Information on Sexual assault and Domestic Violence
S.A.V.E. is a USG-recognized student group cosponsored by the Flora Stone Mather Center for Women at CWRU.
To learn more about SAVE or how to support a survivor,
please contact Monica Yost Kiss at firstname.lastname@example.org or 216.368.8639
Intimate Partner Violence describes physical, sexual, or psychological harm by a current or former partner. this type of violence can occur among heterosexual or same-sex couples and does not require sexual intimacy.
Physical violence is when a person hurts or tries to hurt a partner by hitting, kicking, or other types of physical force.
Sexual violence is forcing a partner to take part in a sex act when the partner does not consent.
Threats of physical or sexual violence include the use of words. gestures, weapons, or other means to communicate the intent to cause harm.
Emotional abuse is threatening a partner or his or her possession or loved ones, or harming a partners send of self worth. Examples are stalking, name-calling, intimidation, or not letting a partner see friends or family.
Source: Ko Ling Chan, PhD, Murray A. Straus, PhD, Douglas A. Brownridge, PhD, Agnes Tiwari, PhD, and W. C. Leung, MBBS. "Prevalence of Dating Partner Violence and Suicidal Ideation Among Male and Female University Students Worldwide: Journal of Midwifery & Women's Health 53.6 (2008)29-537
Any unwanted sexual contact. This includes rape, acquaintance rape, incest, forced sodomy, unwanted fondling and kissing, assault with an object, and verbal threats.
Forced sexual intercourse. "force" includes physical force, as well as psychological coercion. Vaginal, oral and anal penetration; attempted rape; and same-sex and opposite-sex forced sexual intercourse are all considered rape.
Forced sexual intercourse between people who know each other. When one person forces, coerces, or manipulates someone they know - whether they've known each other for a year or just met - into having sesx against theri will, its still rape. Acquaintance rape is four times more common that stranger rape.
An affirmative, concsious decision - indicated clearly by words or actions - to engage in mutually acceptable sexual activity. Nobody can give consent - legally or ethically - if they are drunk or high, unconscious, frightened, physically or psychologically pressured or forced, intimidated, mentally or physically impaired, beaten threatened, isolated , confined, or they are considered under-age (based on the state one lives in).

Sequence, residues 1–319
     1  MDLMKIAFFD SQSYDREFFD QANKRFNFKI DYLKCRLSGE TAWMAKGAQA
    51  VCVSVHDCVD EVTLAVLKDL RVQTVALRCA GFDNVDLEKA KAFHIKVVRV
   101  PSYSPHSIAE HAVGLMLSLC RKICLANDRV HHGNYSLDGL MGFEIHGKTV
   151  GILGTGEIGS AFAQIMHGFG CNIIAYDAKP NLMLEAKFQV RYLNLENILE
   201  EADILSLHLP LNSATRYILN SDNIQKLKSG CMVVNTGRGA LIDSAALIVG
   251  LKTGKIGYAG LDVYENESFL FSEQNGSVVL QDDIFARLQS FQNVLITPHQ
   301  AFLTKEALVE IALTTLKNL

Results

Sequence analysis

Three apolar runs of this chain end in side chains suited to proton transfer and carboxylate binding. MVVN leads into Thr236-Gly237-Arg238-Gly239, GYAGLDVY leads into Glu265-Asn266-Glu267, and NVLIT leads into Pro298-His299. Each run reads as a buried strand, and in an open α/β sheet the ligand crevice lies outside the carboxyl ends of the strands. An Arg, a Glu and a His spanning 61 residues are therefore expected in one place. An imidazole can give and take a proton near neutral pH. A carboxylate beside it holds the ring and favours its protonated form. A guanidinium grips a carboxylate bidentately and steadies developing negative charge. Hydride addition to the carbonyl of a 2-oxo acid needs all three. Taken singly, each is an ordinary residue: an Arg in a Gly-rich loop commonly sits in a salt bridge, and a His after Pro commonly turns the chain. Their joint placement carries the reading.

Source: Ohio Criminal Code 2003 - Anderson Publishing Findlaw for Legal Professionals
20%-25% of women in college reported having experienced an attempted or completed rape while in college.1
On Average 24 people per minute are victims of rape, physical violence, or stalking by an intimate partner in the U.S. In a year, that's more than 12 million women and men.2
90% of college women who are victims of rape or attempted rape know their assailant. The perpetrator is usually a classmate, friend, boyfriend, or ex partner.3
1. Fisher BS, Cullen FT, Turner, MG. 2000. The Sexual Victimization of College Women. U.S. Department of Justice National Institute of Justice, Publication No. NCJ182369
2. National Centers for Disease Control & Prevention, Intimate Partner and Sexual Violence Survey 2010 Summary Report
3. Acquaintance Rape of College Students Problem-Oriented Guides for Police Series No. 17 www.cops.usdoj.gov
Anger and stress leading to mental health problems such as depression, anxiety, or Post Traumatic Stress Disorder (PTSD)
Chronic pain, recurrent body aches, leadaches, digestive problems, asthma
Coping by engaging in alcohol/drug abuse, disordered eating, or risky secual behaviors
Lowe self-esteem. poor body image, istrust of others, relationship problems
Physical injuries including cuts.. scratches, buises, welts, broken bones, internal bleeding, head trauma
Sexually Transmitted Infections (S.T.I.'s) or unintended pregnancy
Traum-related symptoms: flashbacks, avoidance, panic attacks, difficulty sleeping, nightmares, feeling nervous/jumpy
Campus Security 216.368.3333 Available 24/7 for emergencies
Survivors & Friends Empowerment (SAFE) Line 216.368.7777
Available to CWRU students 24/7 for privileged and confidential conversations about sexual assault and relationship violence.
Flora Stone Mather Center for Women
Lesbian, Gay, Bisexual Transgender Center
216.368.LGBT (5428) case.edu/lgbt
University Counseling Services (UCS)
University Health Services (UHS)
Cleveland Rape Crisis Center
Domestic Violence & Child Advocacy Center
National Sexual Assault Hotline
1.800.656.HOPE 24 hours
National Domestic Violence Hotline
1.800.799.SAFE 24 hours